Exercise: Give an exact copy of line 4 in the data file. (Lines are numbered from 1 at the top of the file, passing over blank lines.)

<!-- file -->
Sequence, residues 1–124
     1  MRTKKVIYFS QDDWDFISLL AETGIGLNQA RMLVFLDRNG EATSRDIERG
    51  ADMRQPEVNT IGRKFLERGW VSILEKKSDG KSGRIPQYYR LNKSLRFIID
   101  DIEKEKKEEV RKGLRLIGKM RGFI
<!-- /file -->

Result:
   101  DIEKEKKEEV RKGLRLIGKM RGFI